Speculation about post-COVID travel is rampant and while no one has a crystal ball, vacation rental demand is one common thread about travel’s return.
Hawaii long avoided managing the growing global demand for vacation rentals. Rather than looking at the proliferation of vacation rentals as an opportunity, our state tried to stifle rather than embrace it. We missed an opportunity to create an entirely new tourism model, become a global leader working together with some of the most exciting new tourism brands in decades, and influence global vacation rental policy.
Managing the vacation rental industry would have saved a lot of anger and resentment, encouraged visitors to use resort zones, potentially reduced traffic congestion, and proactively repaired one part of our antiquated volume-based tourism model. We have fantastic examples of brands successfully executing the hotel-vacation rental model, and many other companies figured out long ago how to capitalize on the demand. The issue is not vacation rentals, it’s that the model isn’t being executed in Waikiki.
While the worldwide demand for vacation rentals grew, our communities became resort destinations. The city Department of Planning and Permitting (DPP) could have required that all hotel renovations reduce their number of rooms and increase the number of vacation rental units. Increasing the supply of vacation rentals in designated resort zones would have reduced their impact on residentially zoned neighborhoods.
What if rather than renovate an 800-room hotel to an 800-room hotel, we start mandating that a percentage of rooms become vacation rental accommodations, i.e., with two or more bedrooms, a full kitchen, living room, dining room, laundry room, designated parking, etc.? The number of rooms will be reduced, but hotel revenue will increase given the insatiable demand for vacation rentals.
Bookings for six-plus-bedroom houses are greater than one- to five-bedroom houses across the U.S., as mentioned in a recent SKIFT Summit. If hotels remodeled six individual rooms into a single six-bedroom unit, this would provide supply to meet demand and incentivize visitors to stay in Waikiki and other resort- zoned locations, and reduce the number of rental cars on the roads, reducing congestion.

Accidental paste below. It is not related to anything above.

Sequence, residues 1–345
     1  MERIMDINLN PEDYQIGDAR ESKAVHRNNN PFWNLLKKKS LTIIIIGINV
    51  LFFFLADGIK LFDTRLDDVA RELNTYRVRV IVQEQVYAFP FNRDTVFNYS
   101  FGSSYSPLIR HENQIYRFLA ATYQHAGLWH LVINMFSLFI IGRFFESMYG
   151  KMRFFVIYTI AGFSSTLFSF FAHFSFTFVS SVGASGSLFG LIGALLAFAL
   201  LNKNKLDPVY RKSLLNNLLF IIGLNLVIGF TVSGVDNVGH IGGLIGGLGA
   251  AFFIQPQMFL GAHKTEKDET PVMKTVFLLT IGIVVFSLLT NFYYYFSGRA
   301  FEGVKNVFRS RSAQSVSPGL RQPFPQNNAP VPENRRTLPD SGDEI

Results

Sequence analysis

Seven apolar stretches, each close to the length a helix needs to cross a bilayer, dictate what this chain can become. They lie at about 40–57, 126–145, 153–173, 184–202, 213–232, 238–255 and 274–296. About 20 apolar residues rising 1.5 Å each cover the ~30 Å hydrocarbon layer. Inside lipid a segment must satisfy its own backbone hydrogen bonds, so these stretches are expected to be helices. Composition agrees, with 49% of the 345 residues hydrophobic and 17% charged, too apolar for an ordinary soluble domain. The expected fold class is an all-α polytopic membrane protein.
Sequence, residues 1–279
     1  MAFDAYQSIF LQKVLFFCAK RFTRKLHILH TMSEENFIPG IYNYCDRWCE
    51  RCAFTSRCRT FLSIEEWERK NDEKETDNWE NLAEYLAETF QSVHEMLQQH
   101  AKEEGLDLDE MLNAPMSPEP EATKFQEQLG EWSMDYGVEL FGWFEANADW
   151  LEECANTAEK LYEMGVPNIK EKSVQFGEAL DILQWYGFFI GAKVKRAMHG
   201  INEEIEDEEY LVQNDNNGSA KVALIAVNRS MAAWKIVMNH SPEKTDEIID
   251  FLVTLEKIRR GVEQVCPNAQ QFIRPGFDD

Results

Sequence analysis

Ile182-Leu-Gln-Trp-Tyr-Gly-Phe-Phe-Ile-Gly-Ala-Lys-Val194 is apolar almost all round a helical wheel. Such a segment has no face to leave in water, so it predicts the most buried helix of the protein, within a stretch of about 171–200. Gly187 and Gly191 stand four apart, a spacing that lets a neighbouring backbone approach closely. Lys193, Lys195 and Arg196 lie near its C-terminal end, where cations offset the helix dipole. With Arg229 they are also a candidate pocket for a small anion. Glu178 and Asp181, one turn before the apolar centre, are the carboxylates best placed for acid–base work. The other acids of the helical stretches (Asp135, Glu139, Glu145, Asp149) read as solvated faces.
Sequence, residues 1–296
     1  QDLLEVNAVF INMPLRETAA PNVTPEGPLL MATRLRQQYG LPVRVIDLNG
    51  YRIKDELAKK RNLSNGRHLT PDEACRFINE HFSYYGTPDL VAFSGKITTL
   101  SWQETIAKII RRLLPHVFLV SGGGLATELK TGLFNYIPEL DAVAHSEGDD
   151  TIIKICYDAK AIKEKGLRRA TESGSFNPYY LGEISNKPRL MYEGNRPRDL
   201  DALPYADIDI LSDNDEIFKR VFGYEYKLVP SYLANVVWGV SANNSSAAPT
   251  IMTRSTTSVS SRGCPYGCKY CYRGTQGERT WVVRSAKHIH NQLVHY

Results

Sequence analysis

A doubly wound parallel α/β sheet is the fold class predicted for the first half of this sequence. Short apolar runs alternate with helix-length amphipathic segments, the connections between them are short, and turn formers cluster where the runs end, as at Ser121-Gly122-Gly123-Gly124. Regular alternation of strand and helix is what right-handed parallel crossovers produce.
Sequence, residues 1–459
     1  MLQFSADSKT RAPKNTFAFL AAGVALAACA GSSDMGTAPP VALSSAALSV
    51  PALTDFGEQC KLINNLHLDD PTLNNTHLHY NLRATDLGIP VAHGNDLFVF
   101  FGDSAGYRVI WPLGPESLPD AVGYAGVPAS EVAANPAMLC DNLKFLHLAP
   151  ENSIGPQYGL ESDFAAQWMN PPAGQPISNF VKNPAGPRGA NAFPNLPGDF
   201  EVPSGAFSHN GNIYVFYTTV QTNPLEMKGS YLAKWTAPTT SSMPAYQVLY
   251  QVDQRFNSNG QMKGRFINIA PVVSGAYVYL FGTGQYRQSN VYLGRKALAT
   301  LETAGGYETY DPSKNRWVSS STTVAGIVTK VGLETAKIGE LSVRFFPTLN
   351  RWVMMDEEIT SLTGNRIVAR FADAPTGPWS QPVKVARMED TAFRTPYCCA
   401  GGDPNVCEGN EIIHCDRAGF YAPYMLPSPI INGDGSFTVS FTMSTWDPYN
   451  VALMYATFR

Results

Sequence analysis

Rental management companies focused on developing vacation rental units in entire buildings, see the vacation rental industry as a post-COVID leader in leisure — but also in business travel. This real estate play is a move that Hawaii should be seriously considering. With the state’s shortage of affordable housing and horrible traffic and Hawaii’s tourism industry being the lowest-paying in the country, shouldn’t integrated and multi-use development be a priority?
According to Techcrunch, Airbnb has raised $1 billion in debt and equity, even as the online rental marketplace has seen its business plummet due to the COVID-19 pandemic. Its executives are developing global cleaning standards that are leading much of the industry, and developing quarantine policies in the event of a COVID spike or a future pandemic.
Hawaii tops the lists for post-COVID demand. Families and friends will want to travel together and stay longer. Will we revisit Honolulu’s Ordinance 19-18, or go down the same road in which demand is met illegally? (According to the city DPP, Ordinance 19-18 (Bill 89) seeks to balance the benefits of short-term rentals for hosts and guests, with the desire to keep residential neighborhoods from being overrun by STRs.)
Love or hate it, vacation rental demand isn’t going away — and given what appears to be the way forward post-COVID, demand will become even greater. There’s an opportunity here. The newspaper headlines of visitors arriving and using loopholes to stay in illegal vacation rentals didn’t have to be.
Oahu resident Debbie Misajon is a senior-level consultant in international sales and marketing hospitality working with luxury groups and consulting in Belize, Mexico and China, among others.